CLACS Caribbean Studies Seminar Series
A Crisis of Legitimacy: Assessing the Decivilizing Process of the State of Trinidad and Tobago
Speaker: Melissa Mendez (Cardiff)
Chair: Caroline Parker (Manchester)
This paper assesses the legitimacy of the young, post-colonial nation-state of Trinidad and Tobago. Trinidad and Tobago has a history of slavery, independence, oil, and austerity. It is against the backdrop of the country’s post-independence successes and failures that this paper discusses the rise of a radical Islamist group – the Jamaat-al-Muslimeen (the JAM) – which attempted a coup d’état in 1990. The attempt failed, but this proved a turning point for safety, security, and legitimacy within the twin-island Republic. This paper argues that the impunity enjoyed by the JAM in the aftermath of the attempted coup d’état strengthened the group’s power, both within the criminal underworld and with successive governments. Since 1990, there has been an increase in the number of gangs within the country, an increase in the number of serious crimes committed, and a decrease in the support for state institutions, in particular, the police. This paper argues that the rise of the JAM was the catalyst for the delegitimation of the State in a Weberian and Eliasian context.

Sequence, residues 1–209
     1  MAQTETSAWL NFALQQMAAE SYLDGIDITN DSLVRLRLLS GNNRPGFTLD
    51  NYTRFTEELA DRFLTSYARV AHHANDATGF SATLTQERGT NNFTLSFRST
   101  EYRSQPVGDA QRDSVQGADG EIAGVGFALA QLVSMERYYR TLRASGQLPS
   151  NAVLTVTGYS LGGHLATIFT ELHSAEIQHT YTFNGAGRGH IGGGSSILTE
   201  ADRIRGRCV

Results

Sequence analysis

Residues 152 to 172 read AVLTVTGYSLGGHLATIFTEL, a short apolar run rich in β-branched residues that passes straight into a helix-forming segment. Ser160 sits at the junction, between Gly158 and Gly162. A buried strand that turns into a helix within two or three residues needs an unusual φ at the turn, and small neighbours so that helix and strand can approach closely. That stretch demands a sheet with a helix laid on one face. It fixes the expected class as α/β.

Event date: 6 December 2022
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